From College Library to Country House
14 – 18 September 2020
From College Library to Country House is conceived from the perspective of the British aristocracy and gentry whose education centred upon preparing to run the country estate, including house and collections, and will argue for the importance of the library and the book collection in this process. Too often in country house studies the architecture, interior design and art collections have held sway and this programme aims to foreground the College book collections at the disposal of tutors and the subsequent development of the country house library. Libraries reveal not only the intellectual or recreational interests of past generations, but also how books manifest taste, fashion, and opportunities for display. Book historians and tutors well known in their respective fields will conduct the course, and will consider a broad variety of subjects including book binding, the development of the idea of rare books and of book collections, questions of spatial analysis and mobility, and library portraiture, all in the context of the collections housed in some of the oldest and most complete book rooms in Britain.
This intensive residential course is based in the exceptional surroundings of Clare College* in the centre of the University of Cambridge. Directed by Dr. Andrew Moore, the programme focuses upon a series of iconic libraries. These include the historic private libraries of Houghton Hall created by Robert Walpole, and Holkham Hall, home to one of the greatest private manuscript and printed book collections in Britain, housed today in three of the country’s most important country house library rooms. The course also visits the library designed by James Gibbs for Edward Harley, Earl of Oxford at Wimpole Hall in Cambridgeshire, and Anglesey Abbey, created by the Anglo-American oil magnate Huttleton Broughton, First Lord Fairhaven, both now in the ownership of the National Trust. The course also visits the barely known and privately owned Narford Hall, Norfolk, where Sir Andrew Fountaine (1676-1753) built his new library shortly after his return from Europe in 1718. The course will include the Old Libraries of St John’s College and Queens’ College; the Wren Library, Trinity; the Pepys Library, Magdalene College; the Parker Library at Corpus Christi, the Founder’s Library at the Fitzwilliam Museum and also historic book collections in the University Library designed by Giles Gilbert Scott.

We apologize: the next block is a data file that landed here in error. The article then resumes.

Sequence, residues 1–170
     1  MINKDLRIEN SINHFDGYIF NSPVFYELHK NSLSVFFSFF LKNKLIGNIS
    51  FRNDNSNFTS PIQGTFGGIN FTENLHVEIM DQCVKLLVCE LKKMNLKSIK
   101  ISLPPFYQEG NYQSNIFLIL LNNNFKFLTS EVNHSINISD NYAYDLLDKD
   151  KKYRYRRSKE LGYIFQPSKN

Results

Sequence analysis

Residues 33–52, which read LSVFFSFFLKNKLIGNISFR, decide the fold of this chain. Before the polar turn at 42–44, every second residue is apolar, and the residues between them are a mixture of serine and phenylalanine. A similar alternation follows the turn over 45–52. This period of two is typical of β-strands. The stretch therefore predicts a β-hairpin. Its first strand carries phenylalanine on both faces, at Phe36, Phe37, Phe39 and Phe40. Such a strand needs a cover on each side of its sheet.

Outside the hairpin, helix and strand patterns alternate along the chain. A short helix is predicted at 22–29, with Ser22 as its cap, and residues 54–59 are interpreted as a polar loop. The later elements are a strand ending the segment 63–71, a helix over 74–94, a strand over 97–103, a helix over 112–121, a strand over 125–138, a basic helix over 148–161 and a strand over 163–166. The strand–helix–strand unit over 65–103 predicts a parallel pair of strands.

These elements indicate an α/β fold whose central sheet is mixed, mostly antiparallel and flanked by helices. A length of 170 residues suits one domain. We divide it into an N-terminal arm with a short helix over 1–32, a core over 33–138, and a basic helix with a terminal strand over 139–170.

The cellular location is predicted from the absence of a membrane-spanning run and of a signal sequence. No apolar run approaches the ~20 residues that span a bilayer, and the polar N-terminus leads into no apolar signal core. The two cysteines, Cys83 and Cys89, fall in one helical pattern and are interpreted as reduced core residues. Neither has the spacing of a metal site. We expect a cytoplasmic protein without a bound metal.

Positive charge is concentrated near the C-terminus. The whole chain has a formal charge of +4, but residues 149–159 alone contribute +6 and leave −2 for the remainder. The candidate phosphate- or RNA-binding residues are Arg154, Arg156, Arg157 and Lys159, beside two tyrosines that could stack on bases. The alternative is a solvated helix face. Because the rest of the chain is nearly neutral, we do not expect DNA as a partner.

The course will start with coffee on Monday morning and end on Friday afternoon. Accommodation and all meals for the duration of the course are included in the course fee.
Cover Image: The Interior of the Wren Library, Trinity College, Cambridge
Enrolment and fees
The cost of the 5-day course is £2,050. This includes tuition, accommodation, all meals, admissions and travel by private coach. Airfares are not included.
When filling out this application form, a professional reference is required unless you have attended an Attingham Trust course in the last five years.
All applications should be received by 12 February 2020. Candidates will be informed by mid March 2020. If awarded a place, an invoice will be sent and a deposit of £400 should be made at this time. The balance of fees is due, without further notice, by 10 April 2020. Participants are strongly advised to insure against cancellation as no refunds will be made following payment, unless the place can be filled by another suitable candidate. In such a case, an administrative fee of £100 will be charged.
There is some financial support available for suitable candidates.
The Council of The Attingham Trust reserves the right to adjust fees if there is a substantial change in the exchange rate, as these were assessed on the basis of assumptions made in September 2019. Should this prove necessary, members will be informed by 8 April 2020.
Please note when making your application that this is an intensive and physically strenuous course. There is plenty of walking, standing and climbing stairs and your fitness must be of a level that will not impact on the enjoyment of the group or take up disproportionate amounts of the organisers’ attention. You should have a good level of spoken English. Whilst we are happy to cater for vegetarian and gluten-free needs, other specialist diets cannot always be accommodated.
*‘The Attingham Trust is contracting Clare College for the use of facilities, but otherwise has no connection or association with Clare College or the University of Cambridge.’